You’ll notice, as they cool, that they’re not stuck on very well. Once you’re happy with what you’ve got, you’ll want to reinforce all of the connections. Working in small sections, use your head gun to melt both parts of pieces you want to attach. Once clear, smush and sculpt.

As a general rule, I make sure that I melt/sculpt each of the bottoms of this second round of twigs to either the base of the crown, or – if they’re attaching to another twig, rather than the base of the crown – the twig they’re attached to. As well, I’ll melt them together wherever one new twig initially makes contact with another twig, and usually a point or two along the curly-wrapped sections.

It should start looking something like this:



Continue adding accent pieces – not only vertically, but entwining horizonally along the bases, and even up the side of the cheek parts. If you don’t like something, you can always reheat it with the heat gun and tweak it, add to it, or remove it.

Once you’re happy with it, sit back and admire your work. (The pictures from here on in are from the first crown, not the one I made in the tutorial. I shipped it before my husband came home, AND it was just a plain white, unpainted crown commission!):





Now, paint it! I don’t actually have in-progress photos of when I painted that first one, so I’ll just describe the process.

First, give it a good all-over coat of spray primer. Spray as much as you can, let it dry fully, then flip it over and spray the rest. Make sure all the plastic is covered.

From here, I used a medium brown acrylic and a small paintbrush to MOSTLY cover the whole crown. I avoided a few places that could look like knots in trees, and deep areas that would look good with dark shadowing. Let it dry completely

Then I used a dark brown acrylic (not as dark as the primer) and a REALLY small brush to add a few extra shadows and details throughout. Let THAT dry fully.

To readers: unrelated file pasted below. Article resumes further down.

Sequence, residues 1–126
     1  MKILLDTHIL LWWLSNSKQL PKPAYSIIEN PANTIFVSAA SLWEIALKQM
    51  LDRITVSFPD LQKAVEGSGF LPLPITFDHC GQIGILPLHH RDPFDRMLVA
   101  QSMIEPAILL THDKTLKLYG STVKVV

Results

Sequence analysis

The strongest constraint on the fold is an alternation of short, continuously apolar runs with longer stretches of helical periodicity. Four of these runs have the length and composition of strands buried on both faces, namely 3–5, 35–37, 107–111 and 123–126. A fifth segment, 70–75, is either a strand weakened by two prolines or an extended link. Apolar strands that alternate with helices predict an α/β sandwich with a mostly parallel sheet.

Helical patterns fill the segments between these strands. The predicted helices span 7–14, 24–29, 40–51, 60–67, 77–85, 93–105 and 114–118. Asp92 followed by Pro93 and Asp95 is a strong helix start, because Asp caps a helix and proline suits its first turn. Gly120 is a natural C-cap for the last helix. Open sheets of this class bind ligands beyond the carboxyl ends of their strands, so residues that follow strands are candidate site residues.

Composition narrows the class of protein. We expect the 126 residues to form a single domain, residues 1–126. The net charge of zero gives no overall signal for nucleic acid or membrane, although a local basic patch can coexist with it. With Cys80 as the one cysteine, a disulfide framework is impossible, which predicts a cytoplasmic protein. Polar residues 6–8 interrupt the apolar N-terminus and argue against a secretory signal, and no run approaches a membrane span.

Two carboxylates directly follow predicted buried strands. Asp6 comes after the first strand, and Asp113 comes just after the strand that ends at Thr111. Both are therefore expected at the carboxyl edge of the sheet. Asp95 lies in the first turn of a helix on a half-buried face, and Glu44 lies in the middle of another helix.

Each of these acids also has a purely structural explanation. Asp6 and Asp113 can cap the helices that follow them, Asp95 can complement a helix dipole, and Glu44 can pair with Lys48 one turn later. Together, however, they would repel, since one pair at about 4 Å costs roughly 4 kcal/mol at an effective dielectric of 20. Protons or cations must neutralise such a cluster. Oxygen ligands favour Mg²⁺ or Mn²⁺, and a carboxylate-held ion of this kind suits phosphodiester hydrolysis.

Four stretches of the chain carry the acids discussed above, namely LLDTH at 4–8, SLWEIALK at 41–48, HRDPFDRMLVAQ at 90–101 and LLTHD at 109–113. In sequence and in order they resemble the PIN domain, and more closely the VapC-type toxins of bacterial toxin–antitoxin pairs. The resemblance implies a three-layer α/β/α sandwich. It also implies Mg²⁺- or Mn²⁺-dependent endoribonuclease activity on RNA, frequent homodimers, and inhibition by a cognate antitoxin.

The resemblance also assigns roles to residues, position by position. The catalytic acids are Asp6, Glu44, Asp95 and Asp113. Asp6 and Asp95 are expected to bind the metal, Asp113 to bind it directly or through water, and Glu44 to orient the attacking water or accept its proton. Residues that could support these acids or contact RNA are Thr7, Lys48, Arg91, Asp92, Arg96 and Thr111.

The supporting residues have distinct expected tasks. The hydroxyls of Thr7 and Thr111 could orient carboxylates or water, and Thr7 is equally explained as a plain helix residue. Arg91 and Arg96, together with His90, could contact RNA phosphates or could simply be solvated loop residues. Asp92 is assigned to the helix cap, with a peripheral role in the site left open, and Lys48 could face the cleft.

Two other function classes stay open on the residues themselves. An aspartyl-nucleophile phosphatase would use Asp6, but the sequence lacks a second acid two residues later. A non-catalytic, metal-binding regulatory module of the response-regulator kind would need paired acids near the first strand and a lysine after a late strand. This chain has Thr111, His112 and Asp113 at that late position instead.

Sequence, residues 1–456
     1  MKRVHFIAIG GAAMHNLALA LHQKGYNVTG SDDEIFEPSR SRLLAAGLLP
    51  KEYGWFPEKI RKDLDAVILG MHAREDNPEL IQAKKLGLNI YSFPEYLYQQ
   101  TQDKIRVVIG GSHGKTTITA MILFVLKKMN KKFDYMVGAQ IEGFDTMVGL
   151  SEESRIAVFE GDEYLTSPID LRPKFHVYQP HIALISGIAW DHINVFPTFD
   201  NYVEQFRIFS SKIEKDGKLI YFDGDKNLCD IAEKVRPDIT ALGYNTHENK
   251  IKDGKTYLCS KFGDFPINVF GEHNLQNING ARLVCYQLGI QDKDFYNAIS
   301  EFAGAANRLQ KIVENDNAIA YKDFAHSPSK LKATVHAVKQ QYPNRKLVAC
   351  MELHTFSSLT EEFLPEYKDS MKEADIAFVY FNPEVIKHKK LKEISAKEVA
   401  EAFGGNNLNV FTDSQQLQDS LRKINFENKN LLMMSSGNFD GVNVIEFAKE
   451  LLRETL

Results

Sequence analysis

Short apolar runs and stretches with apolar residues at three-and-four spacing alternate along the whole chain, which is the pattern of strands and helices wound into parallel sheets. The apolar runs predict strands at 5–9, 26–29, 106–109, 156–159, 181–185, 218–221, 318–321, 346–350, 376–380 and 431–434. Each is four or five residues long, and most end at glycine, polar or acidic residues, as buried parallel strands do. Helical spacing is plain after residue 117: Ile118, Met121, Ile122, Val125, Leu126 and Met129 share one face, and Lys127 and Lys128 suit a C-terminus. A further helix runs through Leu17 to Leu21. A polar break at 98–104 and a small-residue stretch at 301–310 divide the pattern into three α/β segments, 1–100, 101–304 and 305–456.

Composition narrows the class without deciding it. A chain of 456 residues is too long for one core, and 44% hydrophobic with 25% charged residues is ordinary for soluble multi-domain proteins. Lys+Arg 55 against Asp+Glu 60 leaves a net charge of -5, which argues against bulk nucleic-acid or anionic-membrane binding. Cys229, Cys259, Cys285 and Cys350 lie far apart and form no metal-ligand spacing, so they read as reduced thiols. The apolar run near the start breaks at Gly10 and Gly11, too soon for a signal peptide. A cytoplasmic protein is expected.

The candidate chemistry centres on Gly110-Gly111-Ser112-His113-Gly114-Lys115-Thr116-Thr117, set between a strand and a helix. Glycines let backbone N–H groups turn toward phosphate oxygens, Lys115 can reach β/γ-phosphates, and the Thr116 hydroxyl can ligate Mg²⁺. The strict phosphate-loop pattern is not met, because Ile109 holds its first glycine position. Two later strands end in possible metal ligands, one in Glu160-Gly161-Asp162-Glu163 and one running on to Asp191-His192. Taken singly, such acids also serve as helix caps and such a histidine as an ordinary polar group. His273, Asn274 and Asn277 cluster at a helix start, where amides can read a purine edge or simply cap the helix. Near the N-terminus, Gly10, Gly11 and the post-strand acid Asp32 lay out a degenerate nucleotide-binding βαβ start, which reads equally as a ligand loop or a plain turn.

Then I used a really light brown mixed with a small amount of gold to add sparse highlighting throughout. Let that dry.

I decided that the highlighting was too obvious, so I mixed a very small amount of the medium brown with water to make a thin wash, and sponged that over the entire crown. Wipe off any excess, and let it dry:






Finally, use a glue gun or E-6000 glue to attach your plastic leaves throughout the crown. Let it dry fully before use.




To wear, position crown on head, use bobby pins in the copper loops (I like to use 2 in each loop, facing opposite directions) to secure the crown in place.

Enjoy… and hey, if you’re interested in following more of my costuming adventures, be sure to “Like” my costuming page on Facebook, here!

6 thoughts on “How to Make Thranduil’s Elven King Crown (Costume Tutorial)

  1. This is really helpful! I like this version of DIY much better, I know some people use sculpey (specifically PREMO) to create the moldings for the crown but it’s rather very pricey and I don’t think I’ll be able to afford that. And I rather like the texture yours has– itlooks really authentic.

    Thank you for sharing this precious DIY tutorial and knowledge!
    Advance Happy New Year too!

Leave a Reply

Your email address will not be published. Required fields are marked *